Developer David Mitchell’s Mitchell Holdings has purchased an Upper East Side building housing a non-profit organization from Mermelstein Development for $23.2 million, according to property records and a source with knowledge of the deal.
The non-profit, Inwood House, sold its six-story, 18,200-square-foot building at 320 East 82nd Street between First and Second Avenues to Mermelstein for $16 million on Aug. 19, according to property records released today. Mermelstein immediately flipped the property for $23.2 million, sources said. A $7.2 million transfer, also dated Aug. 19, appears in property records. Adelaide Polsinelli of Eastern Consolidated represented both Mermelstein and Mitchell Holdings in the transaction. She declined to comment. David Lebenstein of DTZ represented Inwood House in the initial deal. He wasn’t immediately available for comment.
Inwood House, which provides supportive housing and counseling for pregnant teenagers, will be vacating the property and moving its operations. In January, the organization began a partnership with The Children’s Village and Inwood House will relocate its pregnant and teen parenting residential housing and educational services to The Children’s Village at 2139 Seventh Avenue, and other smaller residential buildings in the Bronx and Queens.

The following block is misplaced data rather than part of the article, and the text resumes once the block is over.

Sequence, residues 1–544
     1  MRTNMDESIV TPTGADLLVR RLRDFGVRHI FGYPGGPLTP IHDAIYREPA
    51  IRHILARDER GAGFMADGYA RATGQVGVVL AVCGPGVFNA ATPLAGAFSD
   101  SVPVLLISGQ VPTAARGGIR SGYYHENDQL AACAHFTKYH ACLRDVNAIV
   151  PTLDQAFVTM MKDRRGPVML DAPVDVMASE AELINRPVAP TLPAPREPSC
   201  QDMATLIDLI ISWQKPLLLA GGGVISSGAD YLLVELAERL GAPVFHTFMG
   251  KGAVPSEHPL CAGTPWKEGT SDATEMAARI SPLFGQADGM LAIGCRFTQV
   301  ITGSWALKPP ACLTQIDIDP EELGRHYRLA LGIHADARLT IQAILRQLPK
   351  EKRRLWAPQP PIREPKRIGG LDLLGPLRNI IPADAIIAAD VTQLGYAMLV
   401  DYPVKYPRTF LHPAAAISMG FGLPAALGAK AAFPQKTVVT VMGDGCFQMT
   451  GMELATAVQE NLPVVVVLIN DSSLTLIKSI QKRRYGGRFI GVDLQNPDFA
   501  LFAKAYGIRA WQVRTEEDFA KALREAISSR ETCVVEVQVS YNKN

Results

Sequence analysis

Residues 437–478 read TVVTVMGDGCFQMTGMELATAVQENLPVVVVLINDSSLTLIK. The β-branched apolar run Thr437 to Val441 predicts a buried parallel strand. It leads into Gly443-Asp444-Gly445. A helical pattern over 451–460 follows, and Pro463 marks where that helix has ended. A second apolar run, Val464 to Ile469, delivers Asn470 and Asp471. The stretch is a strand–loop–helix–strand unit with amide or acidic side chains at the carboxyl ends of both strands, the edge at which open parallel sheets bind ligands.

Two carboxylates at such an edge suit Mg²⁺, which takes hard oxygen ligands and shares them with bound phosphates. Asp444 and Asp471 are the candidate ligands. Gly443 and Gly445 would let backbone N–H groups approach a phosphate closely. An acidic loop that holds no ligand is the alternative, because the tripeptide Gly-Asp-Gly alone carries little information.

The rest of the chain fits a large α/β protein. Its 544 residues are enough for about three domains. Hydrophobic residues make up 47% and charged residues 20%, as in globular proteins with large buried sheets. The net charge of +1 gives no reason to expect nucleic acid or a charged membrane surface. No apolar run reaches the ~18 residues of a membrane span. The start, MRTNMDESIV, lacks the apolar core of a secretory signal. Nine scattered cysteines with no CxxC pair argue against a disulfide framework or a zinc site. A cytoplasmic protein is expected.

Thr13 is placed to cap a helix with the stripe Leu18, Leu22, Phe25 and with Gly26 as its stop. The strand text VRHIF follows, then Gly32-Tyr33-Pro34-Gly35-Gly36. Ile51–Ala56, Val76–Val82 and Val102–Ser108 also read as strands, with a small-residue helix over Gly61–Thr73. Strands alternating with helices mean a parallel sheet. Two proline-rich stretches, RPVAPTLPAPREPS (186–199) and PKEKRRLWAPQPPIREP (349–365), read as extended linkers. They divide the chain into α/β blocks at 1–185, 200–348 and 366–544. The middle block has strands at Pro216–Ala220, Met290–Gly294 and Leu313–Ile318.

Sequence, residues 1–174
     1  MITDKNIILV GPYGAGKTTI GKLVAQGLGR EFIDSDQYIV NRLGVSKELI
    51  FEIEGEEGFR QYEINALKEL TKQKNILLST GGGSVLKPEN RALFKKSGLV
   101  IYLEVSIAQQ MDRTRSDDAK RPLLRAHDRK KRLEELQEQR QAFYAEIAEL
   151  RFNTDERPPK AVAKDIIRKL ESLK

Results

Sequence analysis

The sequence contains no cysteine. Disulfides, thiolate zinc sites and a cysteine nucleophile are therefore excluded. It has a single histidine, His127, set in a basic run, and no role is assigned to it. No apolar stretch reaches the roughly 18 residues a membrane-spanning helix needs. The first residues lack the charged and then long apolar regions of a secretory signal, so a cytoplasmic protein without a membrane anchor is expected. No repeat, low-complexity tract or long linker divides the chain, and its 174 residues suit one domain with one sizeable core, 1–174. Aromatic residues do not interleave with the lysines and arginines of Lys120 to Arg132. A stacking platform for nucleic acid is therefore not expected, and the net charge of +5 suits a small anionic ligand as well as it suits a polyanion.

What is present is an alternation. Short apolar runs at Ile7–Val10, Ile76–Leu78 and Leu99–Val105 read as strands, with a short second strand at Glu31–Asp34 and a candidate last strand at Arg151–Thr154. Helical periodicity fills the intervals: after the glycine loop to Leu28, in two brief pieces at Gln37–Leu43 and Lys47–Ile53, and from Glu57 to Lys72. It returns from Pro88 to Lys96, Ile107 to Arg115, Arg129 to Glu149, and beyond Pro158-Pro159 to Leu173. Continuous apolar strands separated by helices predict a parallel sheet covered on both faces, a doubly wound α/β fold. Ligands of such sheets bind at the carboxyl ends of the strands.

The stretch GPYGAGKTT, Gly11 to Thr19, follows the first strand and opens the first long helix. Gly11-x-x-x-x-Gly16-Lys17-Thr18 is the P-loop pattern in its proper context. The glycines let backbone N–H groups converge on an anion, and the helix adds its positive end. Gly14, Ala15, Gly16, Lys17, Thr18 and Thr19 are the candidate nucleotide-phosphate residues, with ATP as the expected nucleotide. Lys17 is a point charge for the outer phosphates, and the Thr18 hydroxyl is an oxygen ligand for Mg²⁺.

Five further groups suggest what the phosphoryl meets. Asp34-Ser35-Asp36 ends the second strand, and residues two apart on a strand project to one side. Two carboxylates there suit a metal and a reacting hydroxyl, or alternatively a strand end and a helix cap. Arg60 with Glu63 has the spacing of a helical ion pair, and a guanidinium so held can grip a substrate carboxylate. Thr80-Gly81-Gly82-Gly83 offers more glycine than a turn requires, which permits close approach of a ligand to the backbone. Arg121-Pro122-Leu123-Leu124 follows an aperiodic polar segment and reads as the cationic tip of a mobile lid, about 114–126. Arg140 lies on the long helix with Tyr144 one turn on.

Proceeds from the sale of 320 East 82nd Street will support Inwood House programs, which currently serve 2,500 New York City youngsters, according to a news release from the nonprofit.
“We are extremely grateful to the hundreds of volunteers and supporters that have helped Inwood House provide effective programming and positively influenced thousands of teen mothers and children over the years,” Andrew Wozniak, president of the Inwood House Board of Trustees, said in prepared remarks. “With every new site we open we seek to replicate these important relationships.”
Inwood House was founded in 1830 as the Magdalen Benevolent Society and it has been located at the East 82nd Street location since 1964. The nonprofit was among the first organizations to teach pregnancy prevention programs in New York City schools in the 1970s.
Mr. Mitchell was not immediately available to comment on the sale or plans for the building.
Update: This story has been edited to include Inwood House’s plans as well as information about the sale to the most recent buyer.